The move came after a gay couple applied for approval as an adoptive or foster adoptive couple. While state law bars discrimination based on sexual orientation, the Catholic Church doesn't recognize same-sex marriage and agency executives said they could not accept a same-sex couple as parents.

For that reason, the agency opted to close down the program, which has 34 children in care in 24 of its foster homes and which arranges an average of five adoptions each year.

"It is with deep sadness we acknowledge that the legacy of the high quality, exceptional services which our staff provides to children and families through foster care and adoption will be lost," Walczyk said in a statement announcing the decision.

An employee in the program, who spoke to The News on condition of anonymity, said a married gay man attended an informational session in July to learn more about adopting through Catholic Charities.

Within the next day or two, coincidentally, a woman overheard the couple talking about their plans and informed her husband, who sent an email to Malone and Walczyk raising strong objections to the possibility of Catholic Charities accepting gay parents, the employee said.

At that point, administrators told program employees that, if the couple does go through with its application, leaders at Catholic Charities and the diocese will have to address it.

This was the first time, the employee said, that people who worked in the foster care and adoption program heard any concerns about same-sex parents. They were under the impression that the agency adhered to state and county nondiscrimination requirements, and they supported this position, she said.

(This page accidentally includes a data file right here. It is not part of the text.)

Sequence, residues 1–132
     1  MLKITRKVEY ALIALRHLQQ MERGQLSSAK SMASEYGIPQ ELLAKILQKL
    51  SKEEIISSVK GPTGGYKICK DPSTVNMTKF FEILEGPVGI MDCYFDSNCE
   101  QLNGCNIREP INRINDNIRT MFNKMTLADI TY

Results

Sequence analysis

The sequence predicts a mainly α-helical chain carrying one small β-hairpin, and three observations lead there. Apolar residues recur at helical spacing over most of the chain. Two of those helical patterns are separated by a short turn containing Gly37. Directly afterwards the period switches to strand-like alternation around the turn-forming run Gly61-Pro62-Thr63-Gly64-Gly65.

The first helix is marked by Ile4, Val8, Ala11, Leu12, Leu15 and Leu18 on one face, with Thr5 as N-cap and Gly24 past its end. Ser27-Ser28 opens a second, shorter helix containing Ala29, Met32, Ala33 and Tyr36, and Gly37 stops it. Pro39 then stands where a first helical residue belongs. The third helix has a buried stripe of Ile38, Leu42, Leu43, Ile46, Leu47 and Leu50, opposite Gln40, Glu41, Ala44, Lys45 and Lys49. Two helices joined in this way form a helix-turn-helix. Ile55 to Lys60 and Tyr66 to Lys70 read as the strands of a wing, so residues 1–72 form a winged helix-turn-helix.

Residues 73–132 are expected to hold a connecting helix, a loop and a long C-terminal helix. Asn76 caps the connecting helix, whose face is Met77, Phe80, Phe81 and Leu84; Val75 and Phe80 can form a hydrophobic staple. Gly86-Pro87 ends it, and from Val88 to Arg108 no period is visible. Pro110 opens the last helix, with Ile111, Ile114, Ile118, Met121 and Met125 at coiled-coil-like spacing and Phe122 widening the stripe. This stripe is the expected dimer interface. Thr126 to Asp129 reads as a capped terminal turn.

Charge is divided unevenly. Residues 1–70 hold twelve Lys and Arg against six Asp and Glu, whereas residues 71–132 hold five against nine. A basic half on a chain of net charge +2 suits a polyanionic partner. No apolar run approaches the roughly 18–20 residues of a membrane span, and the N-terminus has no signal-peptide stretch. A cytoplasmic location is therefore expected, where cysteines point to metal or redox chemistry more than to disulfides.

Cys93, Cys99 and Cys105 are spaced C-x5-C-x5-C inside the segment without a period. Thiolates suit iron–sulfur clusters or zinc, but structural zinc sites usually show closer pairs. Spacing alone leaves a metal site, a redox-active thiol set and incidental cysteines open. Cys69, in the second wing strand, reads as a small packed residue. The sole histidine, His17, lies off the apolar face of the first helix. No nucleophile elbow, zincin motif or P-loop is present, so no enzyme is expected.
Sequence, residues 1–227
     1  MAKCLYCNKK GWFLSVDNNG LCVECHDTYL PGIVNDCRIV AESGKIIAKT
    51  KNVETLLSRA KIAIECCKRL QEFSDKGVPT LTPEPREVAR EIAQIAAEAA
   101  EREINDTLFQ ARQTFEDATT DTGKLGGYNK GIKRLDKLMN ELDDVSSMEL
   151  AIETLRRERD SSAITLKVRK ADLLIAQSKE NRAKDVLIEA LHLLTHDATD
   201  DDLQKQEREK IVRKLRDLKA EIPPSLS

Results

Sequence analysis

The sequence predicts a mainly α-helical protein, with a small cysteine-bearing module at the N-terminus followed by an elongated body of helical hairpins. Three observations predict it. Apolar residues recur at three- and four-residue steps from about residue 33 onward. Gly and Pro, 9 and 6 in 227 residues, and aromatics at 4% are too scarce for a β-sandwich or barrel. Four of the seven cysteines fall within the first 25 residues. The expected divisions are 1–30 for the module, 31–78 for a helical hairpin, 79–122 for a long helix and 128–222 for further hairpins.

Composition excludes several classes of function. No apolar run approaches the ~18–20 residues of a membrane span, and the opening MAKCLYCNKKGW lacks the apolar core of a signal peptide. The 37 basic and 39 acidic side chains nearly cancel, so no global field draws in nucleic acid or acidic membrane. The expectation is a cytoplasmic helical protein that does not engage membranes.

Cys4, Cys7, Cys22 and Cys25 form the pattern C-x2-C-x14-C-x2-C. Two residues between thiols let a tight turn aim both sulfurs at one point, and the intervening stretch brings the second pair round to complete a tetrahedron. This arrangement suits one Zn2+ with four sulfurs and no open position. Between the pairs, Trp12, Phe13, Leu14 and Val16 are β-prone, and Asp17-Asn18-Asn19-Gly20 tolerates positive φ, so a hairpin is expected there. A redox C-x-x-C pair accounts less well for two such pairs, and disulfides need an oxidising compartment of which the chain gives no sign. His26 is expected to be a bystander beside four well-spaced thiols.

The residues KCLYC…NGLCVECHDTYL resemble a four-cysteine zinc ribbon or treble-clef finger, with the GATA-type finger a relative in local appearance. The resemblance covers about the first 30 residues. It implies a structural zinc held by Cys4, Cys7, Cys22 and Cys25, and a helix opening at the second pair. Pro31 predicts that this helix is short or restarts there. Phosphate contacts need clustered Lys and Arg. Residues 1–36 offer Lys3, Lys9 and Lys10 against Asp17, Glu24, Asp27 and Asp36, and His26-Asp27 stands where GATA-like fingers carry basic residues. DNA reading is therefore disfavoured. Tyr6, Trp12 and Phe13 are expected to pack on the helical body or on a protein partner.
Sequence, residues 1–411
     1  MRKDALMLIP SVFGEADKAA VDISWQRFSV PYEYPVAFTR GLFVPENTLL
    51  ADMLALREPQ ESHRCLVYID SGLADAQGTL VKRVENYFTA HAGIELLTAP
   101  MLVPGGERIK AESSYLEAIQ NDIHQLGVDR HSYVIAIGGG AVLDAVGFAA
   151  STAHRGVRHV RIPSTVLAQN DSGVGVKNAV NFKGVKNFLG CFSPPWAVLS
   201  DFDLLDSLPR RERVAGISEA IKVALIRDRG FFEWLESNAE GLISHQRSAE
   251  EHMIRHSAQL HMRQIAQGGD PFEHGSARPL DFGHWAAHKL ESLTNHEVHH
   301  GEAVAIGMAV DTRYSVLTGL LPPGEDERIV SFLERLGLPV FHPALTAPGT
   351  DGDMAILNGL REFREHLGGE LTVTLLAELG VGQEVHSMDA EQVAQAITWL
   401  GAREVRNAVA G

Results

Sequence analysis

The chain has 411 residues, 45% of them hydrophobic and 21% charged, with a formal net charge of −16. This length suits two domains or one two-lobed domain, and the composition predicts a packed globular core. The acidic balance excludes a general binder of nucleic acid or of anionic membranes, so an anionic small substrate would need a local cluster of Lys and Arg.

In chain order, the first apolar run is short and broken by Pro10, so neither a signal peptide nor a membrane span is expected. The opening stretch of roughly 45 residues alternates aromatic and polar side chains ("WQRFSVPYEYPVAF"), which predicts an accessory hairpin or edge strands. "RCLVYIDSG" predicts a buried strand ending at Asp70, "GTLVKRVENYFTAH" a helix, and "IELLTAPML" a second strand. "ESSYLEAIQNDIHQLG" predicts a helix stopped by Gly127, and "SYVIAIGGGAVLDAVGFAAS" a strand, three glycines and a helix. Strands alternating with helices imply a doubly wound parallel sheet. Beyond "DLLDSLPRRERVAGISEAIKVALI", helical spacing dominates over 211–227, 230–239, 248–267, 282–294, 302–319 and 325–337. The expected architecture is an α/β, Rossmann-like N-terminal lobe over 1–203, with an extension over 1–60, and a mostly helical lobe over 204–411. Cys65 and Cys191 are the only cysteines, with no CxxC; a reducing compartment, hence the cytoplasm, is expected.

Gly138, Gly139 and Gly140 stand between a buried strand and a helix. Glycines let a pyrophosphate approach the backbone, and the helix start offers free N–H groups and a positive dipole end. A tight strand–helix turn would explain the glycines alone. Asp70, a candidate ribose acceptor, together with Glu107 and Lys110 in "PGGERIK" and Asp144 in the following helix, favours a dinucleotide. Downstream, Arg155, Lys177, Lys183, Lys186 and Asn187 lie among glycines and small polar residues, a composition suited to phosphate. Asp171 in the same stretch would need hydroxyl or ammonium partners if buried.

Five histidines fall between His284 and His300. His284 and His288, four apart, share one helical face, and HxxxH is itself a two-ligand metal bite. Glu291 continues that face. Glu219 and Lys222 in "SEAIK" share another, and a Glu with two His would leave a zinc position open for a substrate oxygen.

"We are aware of the state regulations, and we follow them. It wasn't until this married couple applied that it conflicted with Catholic teaching," said Rose Caldwell, a Catholic Charities spokeswoman.

After the couple formally applied at the end of July, the employee said, they called repeatedly to find out if and when they would move into the next stage of the approval process. Agency officials took their time in weighing their options, but they ultimately turned down the couple and the bishop opted to shut down the program.

Walczyk met with one of the men early this week to inform him, the employee said, and called an emergency meeting for Tuesday afternoon when employees learned the program would end.

"Most of us were crying. Most of us have been crying since then," she said.

The decision has extensive ramifications.

The children can remain with their foster families but the families will have to find new agencies to work with.